Some have you might have already seen these signs going up on Blacka in the past few days. So it seemed best to give a bit more detail on what is planned.
Blacka is a favourite spot for many Sheffield mountain Bikers and quite rightly so, it offers some fantastic riding right on the doorstep and some may say a couple of the best trails in the Peak. So it was with a little concern that we heard about the planned work. But fortunately the Councils Rights of Way team have involved us from early on and are starting to understand the importance of the terrain to the riders along with the fact that the more technical the ground, the lower the pace; which is beneficial for all! They are however duty bound to maintain the rights of way network to a reasonable level. The work is not going to obliterate the trail as we know it.
On Piper House Gate the plan is to patch several sections to reduce the depth of the gully (after this years rain, the gully has deepened beyond what was expected) as well as repairing damage on the bottom section and improving the drainage where the concrete drains currently are.Like last years work on Devils Elbow, we will be involved in improving the flow and naturalizing the bridleway once the work is done/
One thing that we have been asked to do is make sure that you can stay off the trail while the work is being done; particularly on a night!
So this is where the ROW team are at with the planned works
Piper House Bridleway @ Blacka Moor – We plan to fill in the deepest ruts and improve the drainage without changing those parts of the route that mountain bikers particularly enjoy and are still OK for horse riders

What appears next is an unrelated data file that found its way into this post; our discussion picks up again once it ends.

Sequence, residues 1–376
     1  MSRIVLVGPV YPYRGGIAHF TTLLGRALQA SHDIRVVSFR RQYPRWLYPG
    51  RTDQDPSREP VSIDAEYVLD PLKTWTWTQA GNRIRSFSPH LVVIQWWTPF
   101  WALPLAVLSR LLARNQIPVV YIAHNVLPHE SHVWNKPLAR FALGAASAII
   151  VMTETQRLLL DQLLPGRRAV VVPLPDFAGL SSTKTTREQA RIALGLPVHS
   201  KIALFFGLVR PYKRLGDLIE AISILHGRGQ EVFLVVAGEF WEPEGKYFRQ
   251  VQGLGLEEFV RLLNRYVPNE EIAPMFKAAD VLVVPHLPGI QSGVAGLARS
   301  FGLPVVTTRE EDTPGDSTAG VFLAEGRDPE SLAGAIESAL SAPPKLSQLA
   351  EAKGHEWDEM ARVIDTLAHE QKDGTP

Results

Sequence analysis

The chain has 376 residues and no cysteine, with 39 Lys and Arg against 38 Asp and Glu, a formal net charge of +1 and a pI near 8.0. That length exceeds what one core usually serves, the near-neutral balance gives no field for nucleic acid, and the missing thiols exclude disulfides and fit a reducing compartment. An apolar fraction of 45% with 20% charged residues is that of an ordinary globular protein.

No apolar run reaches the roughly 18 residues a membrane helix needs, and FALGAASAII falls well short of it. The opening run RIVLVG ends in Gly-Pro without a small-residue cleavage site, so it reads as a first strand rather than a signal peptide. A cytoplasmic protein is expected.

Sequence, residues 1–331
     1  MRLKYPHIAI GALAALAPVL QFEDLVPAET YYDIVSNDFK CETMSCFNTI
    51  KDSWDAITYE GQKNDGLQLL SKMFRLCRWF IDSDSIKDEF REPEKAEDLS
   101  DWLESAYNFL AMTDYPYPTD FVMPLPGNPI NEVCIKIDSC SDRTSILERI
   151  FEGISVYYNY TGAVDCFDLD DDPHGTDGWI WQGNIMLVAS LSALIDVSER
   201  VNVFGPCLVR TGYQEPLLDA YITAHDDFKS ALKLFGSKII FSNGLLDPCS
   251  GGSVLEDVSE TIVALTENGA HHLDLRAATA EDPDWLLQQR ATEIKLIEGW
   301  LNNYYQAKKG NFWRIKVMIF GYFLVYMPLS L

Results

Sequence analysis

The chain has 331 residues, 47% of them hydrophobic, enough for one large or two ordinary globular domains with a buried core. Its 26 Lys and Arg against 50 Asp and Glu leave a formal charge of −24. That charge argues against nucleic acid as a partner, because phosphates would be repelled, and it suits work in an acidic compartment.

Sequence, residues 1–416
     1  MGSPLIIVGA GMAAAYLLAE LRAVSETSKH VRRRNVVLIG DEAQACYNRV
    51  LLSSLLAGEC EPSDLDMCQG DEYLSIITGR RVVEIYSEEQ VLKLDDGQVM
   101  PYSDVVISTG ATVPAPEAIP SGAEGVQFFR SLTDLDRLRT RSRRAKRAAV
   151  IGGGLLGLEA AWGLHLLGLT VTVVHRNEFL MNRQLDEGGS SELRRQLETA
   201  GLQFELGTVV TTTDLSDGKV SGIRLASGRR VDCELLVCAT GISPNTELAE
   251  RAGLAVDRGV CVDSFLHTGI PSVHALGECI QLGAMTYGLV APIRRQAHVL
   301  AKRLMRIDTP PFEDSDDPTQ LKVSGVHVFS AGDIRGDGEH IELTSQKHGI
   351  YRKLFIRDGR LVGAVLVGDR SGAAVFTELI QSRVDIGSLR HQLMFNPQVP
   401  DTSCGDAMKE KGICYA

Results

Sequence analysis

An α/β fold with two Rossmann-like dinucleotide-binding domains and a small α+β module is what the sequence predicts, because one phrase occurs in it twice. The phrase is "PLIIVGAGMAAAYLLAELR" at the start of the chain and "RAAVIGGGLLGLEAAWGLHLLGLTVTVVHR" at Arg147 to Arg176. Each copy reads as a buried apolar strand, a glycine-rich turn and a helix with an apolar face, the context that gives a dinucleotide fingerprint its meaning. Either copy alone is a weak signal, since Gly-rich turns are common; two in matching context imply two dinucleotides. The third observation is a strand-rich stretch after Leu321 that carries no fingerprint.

NE and SWT are all adamant that as little damage as possible will be caused, and that the appearance of the route and its surroundings will be changed as little as possible.
The contractor is well aware that this path is popular with mountain bikers in the evenings, but it would be really helpful on such narrow path if the public could keep off it during hours of darkness.
A part of the job you and I have not discussed is that to minimise the vehicle movements on the path (and therefore damage), machinery and stone will be brought in from both ends of the path. This will mean that the lower section of the route will certainly need tidying up afterwards. This is a previously engineered brick dust path with cut off drains made from angled concrete kerbstones, that was put in at 1.5m width. This has narrowed to less than 1m in places with weed encroachment from the sides. I am intending to restore this to a 1.5m wide crushed gritstone surface with bunds built over the top of the kerb stones from crushed grit to shed surface water on our way back out from the site.
I have certainly taken on board your view that wider paths encourage speed, but, as you know, horse riders would like to see widths of at least 3m on Bridleways, and 1.5m will narrow over the next growing season back to what you see now. If I only tidied it up back to a width of 1m, it would disappear completely in the undergrowth next summer and the path would, as it is now, be all but impassable for horse riders.
Lenny Hill Bridleway @ Blacka Moor – for clarity, this is the Bridleway that goes up the hill, alongside the drop into the Blacka Dyke, across the stepping stones from close to the bottom of the Devils Elbow and Piper House Bridleways.
We will be filling in the steps towards the bottom of the slope and covering over the clay areas that are almost constantly muddy with crushed gritstone. We will be widening the route back to its original width (about 2.2m) alongside the steep drop because of horse riders’ safety concerns and tidying up the surface with crushed gritstone. We will be taking out the old bridge/boardwalk, installing a culvert pipe under the path instead, and stoning up with crushed gritstone over the top
If you have any questions or queries you can pass them on via Ride Sheffield.